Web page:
On Tuesday, a jury found Mr Kevin Rankin not guilty of sodomising and murdering his two-year-old niece nearly three years ago at Haslington, East Coast Demerara. Mr Rankin, who was 15 years old at the time of the incident, had been arrested by the police after it was established that the dead toddler, Kimani Phillips, had been in his sole care for about an hour before her death. He was then released, but was rearrested after the infant’s cause of death was confirmed by the results of a post-mortem examination (PME).
How did Kimani die? On October 21, 2013, the two-year-old was pronounced dead on arrival at the Georgetown Public Hospital where she had been taken by her 18-year-old cousin and her aunt. The child had previously been declared dead at the Nabaclis Health Centre by a nurse, who could find no pulse and no heartbeat, but her relatives, who were perhaps in denial, still took her to the city health facility.
The PME which was later conducted on the child’s body, found evidence that she had been sodomised before death. According to the PME report, Kimani succumbed due to haemorrhage and shock from multiple abdominal injuries. The pathologist found that the child had been subjected to anal penetration, which left behind “fresh samples of blood.” The abdominal trauma was a result of the anal penetration, which caused massive internal injuries to her spleen, liver and anus. In addition, there were injuries to her head and neck and blunt trauma consistent with having been hit, compression or a fall. The pathologist also surmised that the infant could have been pressed down, thus restricting the flow of blood and preventing her from breathing. Can there be any worse way for a two-year-old to die? The extent of the injuries she sustained indicate that she would have been in unimaginable pain while they were being inflicted. The PME established that Kimani, at merely two years old, had been brutally ripped open by whoever penetrated her. Further, there was no doubt that it had happened right before she died. There was no way an infant could have lived for more than a few minutes with such tremendous injuries.
Who killed Kimani? All of the circumstantial evidence pointed to her then 15-year-old uncle, Mr Kevin Rankin. About an hour prior to her death, he had been called and asked to give her a bath. At that point, she had been alive and well. The next time she was seen after that she was either dying or already dead. No one else had any access to her. It was on the basis of this that the uncle was arrested. While considerations would have had to be given to the fact that Mr Rankin was a minor, there is no excusing what can only be described as extremely shabby detective work.
At the time of his first arrest, Mr Rankin would have been a person of interest in the child’s death because he was the last person to have seen her alive. And while there was as yet no PME report, the police would have had an idea as to how Kimani died. Therefore, in keeping with proper protocols, Mr Rankin should have been examined for signs of trauma consistent with the damage done to his two-year-old niece and samples taken from him for DNA testing.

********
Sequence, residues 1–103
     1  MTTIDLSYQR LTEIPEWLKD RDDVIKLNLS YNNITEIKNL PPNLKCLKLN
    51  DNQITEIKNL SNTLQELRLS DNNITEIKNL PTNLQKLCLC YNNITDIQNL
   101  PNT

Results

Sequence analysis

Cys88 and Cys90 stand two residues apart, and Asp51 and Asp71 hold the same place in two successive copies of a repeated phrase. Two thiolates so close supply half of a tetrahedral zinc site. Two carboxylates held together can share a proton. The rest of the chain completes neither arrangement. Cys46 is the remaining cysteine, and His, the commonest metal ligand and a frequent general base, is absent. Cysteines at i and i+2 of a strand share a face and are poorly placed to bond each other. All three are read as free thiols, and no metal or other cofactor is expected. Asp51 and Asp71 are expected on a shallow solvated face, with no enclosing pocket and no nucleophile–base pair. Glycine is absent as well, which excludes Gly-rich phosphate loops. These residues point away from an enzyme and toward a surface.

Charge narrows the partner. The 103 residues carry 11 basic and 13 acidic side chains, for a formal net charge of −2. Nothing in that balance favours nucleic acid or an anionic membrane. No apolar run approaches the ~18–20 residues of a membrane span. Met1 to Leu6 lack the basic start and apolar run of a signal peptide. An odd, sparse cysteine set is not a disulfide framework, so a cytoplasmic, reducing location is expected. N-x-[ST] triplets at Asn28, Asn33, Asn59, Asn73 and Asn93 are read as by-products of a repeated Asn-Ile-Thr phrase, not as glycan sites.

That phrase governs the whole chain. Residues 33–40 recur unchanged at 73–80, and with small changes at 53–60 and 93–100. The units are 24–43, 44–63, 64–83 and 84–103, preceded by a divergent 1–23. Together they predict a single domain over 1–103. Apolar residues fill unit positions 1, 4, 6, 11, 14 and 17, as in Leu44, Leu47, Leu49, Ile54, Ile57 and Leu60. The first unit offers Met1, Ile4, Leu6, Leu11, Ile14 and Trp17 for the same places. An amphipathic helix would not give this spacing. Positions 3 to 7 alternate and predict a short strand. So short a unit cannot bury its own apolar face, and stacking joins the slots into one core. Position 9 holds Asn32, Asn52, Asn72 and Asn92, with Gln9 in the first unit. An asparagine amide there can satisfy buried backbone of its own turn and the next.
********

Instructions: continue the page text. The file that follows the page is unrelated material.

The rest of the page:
At the time of his second arrest, Mr Rankin was a suspect and he was subsequently charged with the crime. Again, there were no moves by the police to obtain DNA samples from the accused, which could have been compared with samples taken from the dead infant. The results of such a comparison would have firmly established either that Mr Rankin was responsible for Kimani’s death or that he had nothing to do with it. One variable would have ensured a conviction. The other would have seen the police widen their investigation. This is pretty basic detective work and there is no reason why it should not have been done. There was no eyewitness. As emerged during the trial, the 18-year-old cousin who entrusted Kimani to Mr Rankin’s care so he could bathe her and who later took Kimani to seek medical attention was the closest thing to that. However, she gave conflicting evidence, because, she said, she was reluctant to implicate her cousin Mr Rankin. The police ought to have done its evidence gathering independent of this witness.
That being said, the circumstantial evidence was solid. The defence had no way of disproving that (a) Kimani had been in Mr Rankin’s care and no one else’s prior to her death and (b) Kimani was so sexually abused so viciously that it caused her death. The police’s failings aside, one cannot help but wonder if the jury’s not-guilty verdict really was based on the testimony presented in court. One hopes too that the Director of Public Prosecutions will file an appeal in this case. A trusting two-year-old has had her life brutally snuffed out. There should be justice for her.